As a landlord, knowing how to properly maintain your rental properties can be crucial. Following the right safety precautions may help you better protect your tenants and properties and avoid a potential emergency. Here are some safety tips to consider when protecting your properties:
1. Make Your Rental Properties Easy to Find
A simple way to help improve the safety of your rental properties is to make sure the building numbers are large enough to be seen from the street, says the Live Safe Foundation. This may help emergency personnel quickly locate your properties, if needed. You may also want to clear tree limbs, prune bushes or remove any other obstructions that may cover the numbers on the buildings, according to the Live Safe Foundation.
2. Be Mindful of Fire Safety and Carbon Monoxide (CO) Poisoning
Make sure your properties are fully equipped with smoke detectors and CO alarms. According to the National Fire Protection Association (NFPA), at a minimum, all bedrooms and commonly used hallways on each floor of a building should have smoke detectors and CO alarms. A detailed evacuation plan should be set up and posted throughout the buildings, and it may be a good idea to review the plan with your tenants. Also, consider asking your tenants if anyone needs special assistance and offer additional support accordingly, says the City of Phoenix. Don’t forget to test your smoke and CO alarm systems monthly to help ensure it’s fully functioning, says the Consumer Product Safety Commission (CPSC). This process may include cleaning detectors and replacing batteries.
3. Inspect Your Electrical Systems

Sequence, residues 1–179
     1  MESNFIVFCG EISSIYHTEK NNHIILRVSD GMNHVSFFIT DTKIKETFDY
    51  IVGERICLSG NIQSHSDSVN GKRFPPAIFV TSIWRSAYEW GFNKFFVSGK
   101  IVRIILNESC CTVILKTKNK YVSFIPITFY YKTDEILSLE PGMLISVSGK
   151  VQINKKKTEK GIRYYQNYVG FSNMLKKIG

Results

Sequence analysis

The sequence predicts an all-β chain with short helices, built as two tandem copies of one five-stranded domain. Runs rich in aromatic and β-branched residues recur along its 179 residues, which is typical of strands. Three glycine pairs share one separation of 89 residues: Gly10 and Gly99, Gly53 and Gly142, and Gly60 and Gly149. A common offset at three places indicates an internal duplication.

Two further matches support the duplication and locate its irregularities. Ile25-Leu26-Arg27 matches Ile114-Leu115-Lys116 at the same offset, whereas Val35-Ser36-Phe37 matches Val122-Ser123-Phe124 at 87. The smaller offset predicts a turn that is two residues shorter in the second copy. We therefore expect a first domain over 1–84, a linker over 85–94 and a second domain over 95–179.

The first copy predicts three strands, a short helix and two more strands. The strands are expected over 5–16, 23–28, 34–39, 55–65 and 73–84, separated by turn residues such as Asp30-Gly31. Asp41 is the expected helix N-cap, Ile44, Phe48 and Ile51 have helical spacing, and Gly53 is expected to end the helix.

Electrical issues may be the cause of around 51,000 home fires each year, according to the Electrical Safety Foundation International (ESFI). As the landlord, you need to make sure electrical systems and wiring are installed correctly in your buildings. In fact, the CPSC suggests having electrical systems checked by a qualified electrician if it hasn’t been done in 10 years or more. Also, consider encouraging your tenants to try and avoid possible fire starters, such as improperly using extension cords or overloading circuits to help with electrical safety, says the NFPA.
4. Regular Maintenance For Furnace and Heating, Ventilation and Air Conditioning (HVAC) Units
Furnace and HVAC units need routine service to help ensure efficient operation and potentially reduce the risk of a fire hazard. Consider having a professional come in to tighten any loose electrical connections, oil any moving parts and inspect the gas connections, according to EnergyStar.gov.
5. Take Security Precautions
As a landlord, it is important to provide a safe environment for your tenants, but don’t forget about your own safety. Utilize a fair and thorough screening process for all tenants. This can include background and credit checks as well as looking into rental histories and calling references, according to the Federal Trade Commission (FTC).
Being a landlord comes with a lot of responsibility. Following these safety tips may help protect you, your tenants and your properties in the long run.